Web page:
Everybody poops, and Anna Chlumsky has no problem talking about it. She's in the middle of making a crucial calculus about if she'll have time to grab some spicy take-out from her favorite Chinese restaurant before picking her kid up at school when she lets out a booming laugh, acknowledging "the whole bowel situation" that can be the result of too many cumin lamb noodles.
"You can't do it every day. There's a recovery period," she says, her voice projecting at a decibel level far higher than most people would dare to go while discussing some of the messier aspects of being human. But Chlumsky doesn't seem to mind. Everybody poops! Even actors. Even politicians.
It's an ethos, however silly seeming, that's so in line with Chlumsky's show Veep that its second episode ever suggested the hilarity of exactly that. It gave viewers the disgustingly specific image of Julia Louis-Dreyfus' hapless then-Vice President Selina Meyer doubled over in pain on the steps of a frozen yogurt shop, desperately trying to prevent the release of an ill-timed bout of diarrhea. Clearly, not even the woman second in line to the presidency is immune to a particularly nasty stomach flu.
That is, in a nutshell, the secret to Veep’s appeal. Through six seasons, the show has remained as sharp as it is vulgar; it's a political comedy of errors that entertainingly demythologizes the happenings in the hallowed halls of the White House and on Capitol Hill. Instead of lamenting the moral corruption of politics with a grand cinematic gesture like having a politician shove a reporter into an oncoming train, Veep shows how many power-hungry narcissists in politics are, at their core, a different, more garden-variety kind of evil: ruthlessly self-interested office drones. By Season 6, Veep hadn't killed its main journalist enemy the way the political saga House of Cards did back in Season 1. Instead, former President Selina Meyer had offered him a job as the speechwriter for her comeback presidential campaign, and he accepted the gig working for the very politician he'd always loathed, seemingly without scruples.
Looking back at Veep's legacy ahead of its seventh and final season, which premieres March 31, it's that acerbic mix of political machinations and realistic office life mundanity that drew Chlumsky, who plays now ex-president Meyer's overworked chief of staff Amy Brookheimer, to the show. And she's not afraid to mention pooping in conversation again to make her point about how Veep finds comedy in "debunking the mythos of politics."
"[Politicians] have to take poops and they have to figure out coffee makers — and they also have far too much power," she says, punctuating her sentence with nervous, slightly maniacal laughter. Though Chlumsky says she strictly refrained from discussing politics during the years her then-boyfriend, now-husband was deployed in Afghanistan, she speaks more animatedly as she circles the topic. "This whole gods and monsters thing," she says, "it's just comic-book stuff. Which, I love comic books, but let's place it where it belongs."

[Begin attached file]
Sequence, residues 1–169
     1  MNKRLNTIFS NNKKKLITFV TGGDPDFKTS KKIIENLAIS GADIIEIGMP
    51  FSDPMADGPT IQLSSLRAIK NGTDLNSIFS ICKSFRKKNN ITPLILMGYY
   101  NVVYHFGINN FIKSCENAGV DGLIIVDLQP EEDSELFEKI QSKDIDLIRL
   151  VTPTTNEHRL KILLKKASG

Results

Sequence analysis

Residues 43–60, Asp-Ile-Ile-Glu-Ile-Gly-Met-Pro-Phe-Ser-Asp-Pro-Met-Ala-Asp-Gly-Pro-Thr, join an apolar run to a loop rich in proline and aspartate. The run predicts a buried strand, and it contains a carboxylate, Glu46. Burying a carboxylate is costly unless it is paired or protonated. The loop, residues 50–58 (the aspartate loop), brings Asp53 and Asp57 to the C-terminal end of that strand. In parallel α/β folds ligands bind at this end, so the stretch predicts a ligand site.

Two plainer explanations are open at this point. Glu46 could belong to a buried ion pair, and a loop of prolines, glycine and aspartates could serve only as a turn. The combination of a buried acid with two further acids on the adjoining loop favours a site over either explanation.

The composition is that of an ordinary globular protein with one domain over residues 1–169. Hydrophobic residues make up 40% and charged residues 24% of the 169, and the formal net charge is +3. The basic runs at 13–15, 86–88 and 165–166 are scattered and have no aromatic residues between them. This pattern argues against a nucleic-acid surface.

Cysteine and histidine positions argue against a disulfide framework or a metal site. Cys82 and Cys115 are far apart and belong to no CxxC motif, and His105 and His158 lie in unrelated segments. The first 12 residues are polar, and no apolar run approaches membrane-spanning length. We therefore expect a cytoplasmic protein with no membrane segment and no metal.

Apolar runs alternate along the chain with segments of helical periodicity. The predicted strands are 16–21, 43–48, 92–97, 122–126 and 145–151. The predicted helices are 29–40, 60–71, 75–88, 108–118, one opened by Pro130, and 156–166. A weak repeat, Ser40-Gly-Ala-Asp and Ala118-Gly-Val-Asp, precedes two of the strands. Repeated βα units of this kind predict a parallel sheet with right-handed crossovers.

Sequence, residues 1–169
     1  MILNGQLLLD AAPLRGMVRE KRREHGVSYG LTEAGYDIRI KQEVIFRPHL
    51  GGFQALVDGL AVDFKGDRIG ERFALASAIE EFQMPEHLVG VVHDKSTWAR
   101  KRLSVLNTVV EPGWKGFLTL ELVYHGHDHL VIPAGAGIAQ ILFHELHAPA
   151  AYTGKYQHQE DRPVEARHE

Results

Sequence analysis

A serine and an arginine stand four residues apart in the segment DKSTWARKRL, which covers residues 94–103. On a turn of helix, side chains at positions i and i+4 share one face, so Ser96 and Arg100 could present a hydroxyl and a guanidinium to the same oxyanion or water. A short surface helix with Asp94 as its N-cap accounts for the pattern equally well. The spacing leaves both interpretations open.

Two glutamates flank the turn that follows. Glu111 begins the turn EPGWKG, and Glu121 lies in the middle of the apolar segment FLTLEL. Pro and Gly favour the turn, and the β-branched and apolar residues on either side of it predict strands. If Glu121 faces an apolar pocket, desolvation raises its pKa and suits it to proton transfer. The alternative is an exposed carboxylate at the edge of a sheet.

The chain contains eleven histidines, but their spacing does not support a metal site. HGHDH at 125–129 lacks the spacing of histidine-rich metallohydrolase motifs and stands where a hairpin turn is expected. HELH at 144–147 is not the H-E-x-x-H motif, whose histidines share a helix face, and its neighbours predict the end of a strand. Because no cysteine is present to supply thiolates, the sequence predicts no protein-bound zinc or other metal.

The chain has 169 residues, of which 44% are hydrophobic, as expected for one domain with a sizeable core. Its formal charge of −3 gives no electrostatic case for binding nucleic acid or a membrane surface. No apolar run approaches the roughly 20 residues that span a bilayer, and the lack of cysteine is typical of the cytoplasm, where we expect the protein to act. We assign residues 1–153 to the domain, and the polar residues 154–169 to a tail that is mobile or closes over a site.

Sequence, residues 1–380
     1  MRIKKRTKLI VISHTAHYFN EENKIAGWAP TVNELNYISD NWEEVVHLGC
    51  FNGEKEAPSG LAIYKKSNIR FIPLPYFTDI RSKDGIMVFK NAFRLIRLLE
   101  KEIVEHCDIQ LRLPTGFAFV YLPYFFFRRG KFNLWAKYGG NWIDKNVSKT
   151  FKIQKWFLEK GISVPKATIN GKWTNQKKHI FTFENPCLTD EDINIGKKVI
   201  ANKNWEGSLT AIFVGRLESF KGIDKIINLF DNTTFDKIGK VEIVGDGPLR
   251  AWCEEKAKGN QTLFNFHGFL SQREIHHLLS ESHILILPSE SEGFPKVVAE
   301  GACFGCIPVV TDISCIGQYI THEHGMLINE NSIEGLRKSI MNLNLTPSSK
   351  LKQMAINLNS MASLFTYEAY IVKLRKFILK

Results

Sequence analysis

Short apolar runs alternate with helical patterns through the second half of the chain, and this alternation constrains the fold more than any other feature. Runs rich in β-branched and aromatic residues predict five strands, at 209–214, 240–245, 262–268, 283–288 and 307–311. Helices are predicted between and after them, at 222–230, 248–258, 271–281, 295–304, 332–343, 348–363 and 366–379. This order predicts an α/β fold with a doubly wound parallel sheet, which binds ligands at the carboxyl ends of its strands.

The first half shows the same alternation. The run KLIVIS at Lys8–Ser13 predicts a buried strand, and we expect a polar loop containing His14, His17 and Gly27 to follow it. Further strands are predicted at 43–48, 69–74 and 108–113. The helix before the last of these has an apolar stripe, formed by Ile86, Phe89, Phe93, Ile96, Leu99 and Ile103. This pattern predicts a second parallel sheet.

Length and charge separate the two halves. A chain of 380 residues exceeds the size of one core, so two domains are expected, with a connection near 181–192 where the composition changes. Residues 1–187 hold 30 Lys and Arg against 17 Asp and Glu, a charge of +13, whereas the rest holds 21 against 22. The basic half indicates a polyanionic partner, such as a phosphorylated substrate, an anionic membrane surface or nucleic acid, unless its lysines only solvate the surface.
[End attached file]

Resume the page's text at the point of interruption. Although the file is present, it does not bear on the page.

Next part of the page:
As a former child actor whose first big role was starring opposite Macaulay Culkin in My Girl at the age of 10, the now 38-year-old Chlumsky knows that's the truth: The people you see on TV, whether they're politicians on C-SPAN or actors on HBO, are just people. While being drawn into Hollywood's orbit at a young age can give an actor a distorted sense of self, for Chlumsky, starring in a movie before even hitting puberty seems to have had the opposite effect on her. She talks about her career as a child actor with the kind of perspective you wouldn't necessarily expect from someone who was doing international TV interviews on a movie press tour by the time she turned 11.
"When you're a kid, other people are making decisions for you, and you're just doing it for adults' approval. ... It's your parents' egos," the actor explains. After a few more movies — including a My Girl sequel — Chlumsky stepped away from acting and attended the University of Chicago to study international relations. It's there that she met her future husband Shaun So, with whom she now has two daughters. After graduation, she took office jobs, working as a fact-checker for Zagat and an editorial assistant at a science-fiction fantasy imprint of HarperCollins. She told herself she'd quit acting and stopped paying her SAG dues — until seeing an absurdist play about bestiality changed everything.
"I was like, 'I have to do that,'" Chlumsky says of deciding to re-enter the acting world after watching Mercedes Ruehl in Edward Albee's The Goat. She's dead serious, even as she acknowledges that this isn't the most conventional answer. "She just made this absurd topic make complete sense, and actually touch me in her story in such a real way." Not that having a moment of clarity made her decision to return to the profession she thought she'd left behind any easier. "I was so embarrassed to say [I wanted to return to acting] because I thought I'd quit," Chlumsky admits with a sigh. "It was a big struggle, as 24-year-olds go through."